You’ve been making Martinis all wrong. Just ask UK-based drinks historian Jared Brown, who literally wrote the book on the subject with his wife and fellow scholar, Anistatia Miller.

But Brown didn't come to Australia to name and shame. He visited in his capacity as master distiller for London-based Sipsmith, which has made its name with a devotion to craft culture, right down to using traditional copper pots to distil its small-batch gin (in contrast to the mass-produced gin concentrate favoured by bigger companies). Brown and Sipsmith co-founder Sam Galsworthy hosted gin-infused meals in Sydney and Melbourne – including Sipsmith Martinis paired to each course – and personalised Martini events.

At the time Brown, Galsworthy and business partner Fairfax Hall hatched the idea of opening a distillery, there was just one in London. So the trio joined a long queue of would-be distillers applying for a government licence, only to be knocked back like everyone else. As Brown discovered in his research, the reason turned out to be an archaic law from the 1870s decreeing that pot stills could be no smaller than 18 hectolitres. But the Sipsmith gang kept pushing.

“We refused to accept no for an answer,” says Galsworthy. “We spent two years lobbying, campaigning and convincing.” The law was finally changed in 2008, and Sipsmith opened the following year. A decade later, its meticulous portfolio includes London Dry Gin, London Cup, Sloe Gin and the especially unique V.J.O.P. (Very Junipery Over Proof), with a flavour balance that took three years to perfect.

“We’re staunch traditionalists,” says Brown. “That runs through everything we do. [Our] techniques would be absolutely familiar to any distiller working between 1850 and 1870. We distil in one shot on a copper-pot still, and we add nothing after distillation except for water, to bring it to bottling strength.”

So when Brown – who once acted as head bartender for the White House Correspondents’ Dinner – offers to make you a Martini, it’s a once-in-a-lifetime opportunity. But when you see the charismatic historian behind the bar, he won’t be shaking or stirring. He’ll be throwing. That’s a technique where bartenders let the Martini fall between two tins, from as high to as low as they can reach.

“The technique was ubiquitous throughout the history of drink,” says Brown, who learnt the bygone approach from a holdout bar in Barcelona. “I’ve traced it back as far as ancient Egypt and Greece, where it shows up in art from that period. It was the mixing choice of the Aztecs for their chocolate, and it only died out in the beginning of the 20th century. It gives the clarity of a stirred Martini with more aeration than shaking. So it’s a completely different flavour profile.”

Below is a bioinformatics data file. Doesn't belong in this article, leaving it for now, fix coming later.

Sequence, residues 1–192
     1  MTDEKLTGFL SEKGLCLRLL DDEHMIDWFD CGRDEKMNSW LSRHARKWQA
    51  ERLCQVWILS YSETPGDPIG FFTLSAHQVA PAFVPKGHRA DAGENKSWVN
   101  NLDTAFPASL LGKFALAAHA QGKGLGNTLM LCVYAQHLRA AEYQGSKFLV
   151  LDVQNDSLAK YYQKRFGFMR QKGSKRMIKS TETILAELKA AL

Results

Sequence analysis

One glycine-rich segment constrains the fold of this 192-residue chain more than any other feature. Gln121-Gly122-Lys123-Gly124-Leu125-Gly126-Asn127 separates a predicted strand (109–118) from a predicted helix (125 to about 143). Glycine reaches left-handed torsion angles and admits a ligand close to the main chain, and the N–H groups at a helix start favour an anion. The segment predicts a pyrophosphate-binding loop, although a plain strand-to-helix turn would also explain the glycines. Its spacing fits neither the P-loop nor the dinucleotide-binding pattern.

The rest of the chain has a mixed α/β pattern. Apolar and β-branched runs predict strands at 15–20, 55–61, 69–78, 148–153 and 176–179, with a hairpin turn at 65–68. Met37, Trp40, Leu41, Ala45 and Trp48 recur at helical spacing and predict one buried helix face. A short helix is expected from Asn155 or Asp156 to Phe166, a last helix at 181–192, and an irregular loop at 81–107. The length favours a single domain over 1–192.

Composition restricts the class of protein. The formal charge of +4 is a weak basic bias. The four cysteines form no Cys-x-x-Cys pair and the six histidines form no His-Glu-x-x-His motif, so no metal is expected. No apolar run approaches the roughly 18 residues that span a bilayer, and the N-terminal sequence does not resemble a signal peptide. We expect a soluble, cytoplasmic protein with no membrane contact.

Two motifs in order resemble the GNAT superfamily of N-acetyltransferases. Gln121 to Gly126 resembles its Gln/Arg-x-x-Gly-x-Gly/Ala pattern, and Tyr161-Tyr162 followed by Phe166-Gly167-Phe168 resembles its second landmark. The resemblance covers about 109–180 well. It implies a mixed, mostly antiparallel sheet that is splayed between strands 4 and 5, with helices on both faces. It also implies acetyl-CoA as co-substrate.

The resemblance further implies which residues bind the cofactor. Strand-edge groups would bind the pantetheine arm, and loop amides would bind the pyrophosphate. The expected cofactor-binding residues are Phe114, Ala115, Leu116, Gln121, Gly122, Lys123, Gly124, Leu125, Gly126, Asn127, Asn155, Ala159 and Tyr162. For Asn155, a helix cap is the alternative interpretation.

Beyond that mind-blowing new – or, actually, ancient – technique for mixing your Martini, Brown and Galsworthy are oracles of Martini-related information. We asked them for their dos and donts.

DON’T use old vermouth or ice
Galsworthy: “So often vermouths have been around for a long time and have oxidised. They should be within two weeks opened and fridged.” Brown: “Ice will taste like whatever was in the freezer with it. So don’t use old ice crusted with the remnants of last month’s curry fest.”

DO use only lemon or orange for the twist
Brown: “Lemon and orange are the two best twists, hands down. Lime and grapefruit go a bit too sharp, and put a really bitter hit on the drink. The Martini is already very dry and beautifully citrus balanced.”

DON’T drop the twist peel into the drink
Brown: “Express the twist directly over the drink and discard it. The twist has two different flavours: sweet floral flavours and sharp lemon bitters. The drink benefits greatly from the [twist liquid], but the [peel] actually detracts from the experience.” Galsworthy: “Let the gin do most of the work. Everything else is there to enhance that.”

DO use a modest glass
Brown: “A smaller Martini is going to be a better one. There’s been a proliferation of larger and larger glasses over the years, to the point where they’re practically birdbaths. Unless you’ve had the worst day of your life, you’re not going to get to the bottom of that before it hits room temperature. I would always prefer two very cold, small Martinis to one giant one that’s gone warm.”

DON’T keep your gin in the freezer
Brown: “In mixing the Martini, you’re seeking to retain chill and dilution. Keeping it in the freezer takes all the work out of chilling, but it makes much work for the dilution, because you’re seeking 20 to 25 per cent dilution in the mixing process to open up the flavours.”

This article is produced by Broadsheet in partnership with Sipsmith.